Cleopatra in Space, written and illustrated by Mike Maihack. 3 vols. New York: Scholastic, 2014-2016.
We have before us a highly entertaining space opera swashbuckler aimed at a younger audience but also suitable for adults.
Author and illustrator Mike Maihack has worked on several different comics projects, including the webcomic Cow and Buffalo. He also produced an earlier webcomic version of the present story under the more facetious title of Cleopatra in SPAAAACE, which he halted abruptly in order to reimagine Cleopatra’s tale as a series of graphic novels, published through Scholastic’s Graphix Imprint. The stories of the graphic novels and webcomic differ in some details and do not overlap.
The series currently stands at four volumes, the fourth having released recently this year. I am here discussing only the first three, which are all I’ve got my hands on so far.
As you can likely guess from the title and cover art, the concept is basically Buck Rogers with an Egyptian veneer. As the story goes, sometime around 54 B.C., the famous Cleopatra VII Philopater, fifteen years old and three years away from taking the throne of Egypt, stumbles upon a mysterious tablet in an abandoned temple. The tablet carries her an unspecified number of years and an unknown number of light years to a distant future and distant galaxy. There, in the Ailuros star system, she encounters humans, aliens, and talking cats who believe her to be the prophesied messiah destined to save civilization from the ravenous Xerx hordes and their dastardly overlord Xaius Octavian.
Like any sensible spacefaring civilization suddenly gifted with its prophesied messiah, they do the obvious thing and … enroll her in school, specifically the Yasiro Academy at Pharaoh Yasiro’s Research and Military Initiative of Defense (P.Y.R.A.M.I.D.), which is sort of like a cross between a high school and a military academy. There, Cleopatra (“Cleo” for short) discovers that she’s a deadeye with a ray gun, so she proceeds to make trouble, fight villains, and recover dangerous ancient artifacts while also hanging out with her bubbly roommate Akila, the tech geek Brian, and the stuffy cat Khensu, who is both her talking animal sidekick and her history professor. Also, she rides a flying motorbike shaped like a sphinx. In space.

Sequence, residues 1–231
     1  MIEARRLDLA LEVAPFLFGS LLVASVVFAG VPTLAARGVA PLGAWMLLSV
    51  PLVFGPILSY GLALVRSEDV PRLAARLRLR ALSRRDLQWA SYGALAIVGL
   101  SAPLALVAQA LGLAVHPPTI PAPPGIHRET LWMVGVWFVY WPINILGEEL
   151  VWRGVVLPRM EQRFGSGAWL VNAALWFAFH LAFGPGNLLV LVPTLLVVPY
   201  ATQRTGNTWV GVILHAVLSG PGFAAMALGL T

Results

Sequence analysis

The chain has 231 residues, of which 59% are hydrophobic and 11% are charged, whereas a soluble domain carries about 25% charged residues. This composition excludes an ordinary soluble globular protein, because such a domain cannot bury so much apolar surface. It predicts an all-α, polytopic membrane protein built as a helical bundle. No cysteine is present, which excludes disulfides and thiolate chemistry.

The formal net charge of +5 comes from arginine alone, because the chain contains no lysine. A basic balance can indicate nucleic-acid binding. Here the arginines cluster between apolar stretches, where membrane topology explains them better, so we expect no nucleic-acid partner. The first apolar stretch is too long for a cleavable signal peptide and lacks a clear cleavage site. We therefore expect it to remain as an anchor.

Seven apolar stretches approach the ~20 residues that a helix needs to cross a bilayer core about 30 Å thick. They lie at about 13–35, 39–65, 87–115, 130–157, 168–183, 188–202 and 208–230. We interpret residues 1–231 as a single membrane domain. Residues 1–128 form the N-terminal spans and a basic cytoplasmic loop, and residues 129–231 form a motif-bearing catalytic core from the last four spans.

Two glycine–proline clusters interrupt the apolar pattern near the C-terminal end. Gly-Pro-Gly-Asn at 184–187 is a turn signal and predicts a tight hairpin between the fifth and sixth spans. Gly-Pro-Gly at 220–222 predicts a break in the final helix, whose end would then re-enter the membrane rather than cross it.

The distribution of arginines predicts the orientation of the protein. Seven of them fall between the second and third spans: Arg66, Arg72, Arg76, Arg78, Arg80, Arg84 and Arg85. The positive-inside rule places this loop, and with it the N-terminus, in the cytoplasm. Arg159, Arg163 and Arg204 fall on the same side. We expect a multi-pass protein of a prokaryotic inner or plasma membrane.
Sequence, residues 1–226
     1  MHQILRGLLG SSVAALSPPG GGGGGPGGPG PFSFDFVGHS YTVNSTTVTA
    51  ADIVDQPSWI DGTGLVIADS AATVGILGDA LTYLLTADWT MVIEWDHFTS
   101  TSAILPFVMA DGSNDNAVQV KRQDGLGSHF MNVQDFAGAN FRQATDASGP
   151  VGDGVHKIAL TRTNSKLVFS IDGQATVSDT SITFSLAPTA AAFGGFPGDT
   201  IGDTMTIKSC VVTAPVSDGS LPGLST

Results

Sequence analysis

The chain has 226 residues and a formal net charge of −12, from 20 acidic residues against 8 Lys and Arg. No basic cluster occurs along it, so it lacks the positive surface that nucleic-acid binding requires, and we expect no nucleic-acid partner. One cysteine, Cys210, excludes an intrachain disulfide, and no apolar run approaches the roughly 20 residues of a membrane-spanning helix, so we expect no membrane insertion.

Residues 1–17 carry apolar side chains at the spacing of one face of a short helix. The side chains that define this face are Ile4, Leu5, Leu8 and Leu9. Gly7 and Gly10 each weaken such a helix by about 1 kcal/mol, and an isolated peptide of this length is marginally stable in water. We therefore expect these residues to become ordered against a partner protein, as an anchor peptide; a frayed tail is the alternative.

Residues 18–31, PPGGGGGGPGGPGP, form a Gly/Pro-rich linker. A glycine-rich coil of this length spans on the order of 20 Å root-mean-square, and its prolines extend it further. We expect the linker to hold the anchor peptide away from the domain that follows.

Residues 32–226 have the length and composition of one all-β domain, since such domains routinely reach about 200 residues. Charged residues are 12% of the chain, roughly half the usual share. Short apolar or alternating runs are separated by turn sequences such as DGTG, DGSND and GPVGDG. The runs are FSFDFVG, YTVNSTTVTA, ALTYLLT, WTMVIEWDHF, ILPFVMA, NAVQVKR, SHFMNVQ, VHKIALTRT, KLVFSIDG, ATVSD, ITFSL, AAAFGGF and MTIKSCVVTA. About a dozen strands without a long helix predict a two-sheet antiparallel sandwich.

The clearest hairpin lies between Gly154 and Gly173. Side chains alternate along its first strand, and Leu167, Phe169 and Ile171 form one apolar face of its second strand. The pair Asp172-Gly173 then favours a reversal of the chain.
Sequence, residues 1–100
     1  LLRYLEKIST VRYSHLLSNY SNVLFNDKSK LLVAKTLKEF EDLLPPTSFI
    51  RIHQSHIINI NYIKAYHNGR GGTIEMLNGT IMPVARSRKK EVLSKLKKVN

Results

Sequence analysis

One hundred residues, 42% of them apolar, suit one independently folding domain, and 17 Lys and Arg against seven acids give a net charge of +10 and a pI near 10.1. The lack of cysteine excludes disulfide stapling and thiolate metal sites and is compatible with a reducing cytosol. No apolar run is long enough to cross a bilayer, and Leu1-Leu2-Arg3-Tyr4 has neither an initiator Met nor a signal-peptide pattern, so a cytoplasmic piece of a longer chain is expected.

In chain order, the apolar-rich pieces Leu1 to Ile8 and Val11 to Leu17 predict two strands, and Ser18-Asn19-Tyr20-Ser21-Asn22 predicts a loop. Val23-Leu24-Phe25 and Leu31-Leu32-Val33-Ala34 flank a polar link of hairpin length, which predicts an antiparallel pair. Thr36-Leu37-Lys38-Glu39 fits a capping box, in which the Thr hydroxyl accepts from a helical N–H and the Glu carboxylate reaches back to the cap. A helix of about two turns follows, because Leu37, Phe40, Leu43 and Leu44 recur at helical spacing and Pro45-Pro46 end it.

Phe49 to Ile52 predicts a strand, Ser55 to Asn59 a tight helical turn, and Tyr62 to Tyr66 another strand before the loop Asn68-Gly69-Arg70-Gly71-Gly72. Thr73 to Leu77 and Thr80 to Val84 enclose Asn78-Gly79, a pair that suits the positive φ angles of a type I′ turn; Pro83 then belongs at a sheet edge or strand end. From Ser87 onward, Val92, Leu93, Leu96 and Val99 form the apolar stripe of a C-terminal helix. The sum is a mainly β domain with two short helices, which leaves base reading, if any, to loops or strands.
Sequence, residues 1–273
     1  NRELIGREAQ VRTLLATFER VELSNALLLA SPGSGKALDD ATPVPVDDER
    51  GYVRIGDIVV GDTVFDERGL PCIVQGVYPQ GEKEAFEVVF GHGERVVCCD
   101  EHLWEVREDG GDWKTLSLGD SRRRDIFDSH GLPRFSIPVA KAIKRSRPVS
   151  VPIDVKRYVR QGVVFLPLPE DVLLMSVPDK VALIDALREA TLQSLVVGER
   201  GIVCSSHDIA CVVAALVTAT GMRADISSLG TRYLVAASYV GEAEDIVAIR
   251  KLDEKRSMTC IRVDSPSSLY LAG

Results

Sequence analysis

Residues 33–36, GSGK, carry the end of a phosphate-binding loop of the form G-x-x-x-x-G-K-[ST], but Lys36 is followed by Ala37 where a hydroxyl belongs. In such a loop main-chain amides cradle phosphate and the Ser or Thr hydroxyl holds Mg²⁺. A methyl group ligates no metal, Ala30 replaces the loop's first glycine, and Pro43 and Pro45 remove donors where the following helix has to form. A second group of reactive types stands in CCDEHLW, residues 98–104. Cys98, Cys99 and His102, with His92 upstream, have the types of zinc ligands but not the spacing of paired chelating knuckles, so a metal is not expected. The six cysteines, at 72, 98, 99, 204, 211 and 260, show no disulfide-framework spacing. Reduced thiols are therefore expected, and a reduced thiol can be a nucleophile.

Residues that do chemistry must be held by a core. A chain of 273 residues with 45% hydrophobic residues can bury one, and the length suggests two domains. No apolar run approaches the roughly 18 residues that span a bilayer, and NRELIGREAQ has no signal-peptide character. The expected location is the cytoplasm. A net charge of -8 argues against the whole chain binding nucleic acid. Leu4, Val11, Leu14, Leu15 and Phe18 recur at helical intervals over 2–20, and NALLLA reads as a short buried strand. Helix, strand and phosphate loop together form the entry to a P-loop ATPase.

The story’s amusing, but it’s best to ignore its claim to have an historical figure for its protagonist. Cleo acts in every way like a modern American teenager, complete with slangy dialogue, and rather than being the fish-out-of-water we might expect, she instantly grasps concepts that should bewilder her and swiftly integrates into the culture. As soon as she arrives in the future, Khensu appears and delivers an infodump that ought to be unintelligible from her perspective (he references “galaxies” and “star systems”), and already in the second chapter, she says, “Light years from my home planet, millennia in the future …” Wait, what’s a light year? And why is she calling the Earth a planet?
Even before that, we are treated to a scene of her back in ancient Egypt, where she has a tutor who is instructing her in—wait for it—algebra. Algebra? What the hell is algebra? History of mathematics isn’t my subject, I admit, but I’m reasonably sure algebra was not a thing, not exactly, in the Greek-speaking world of the first century B.C. Had she been learning geometry, that would make sense, but algebra?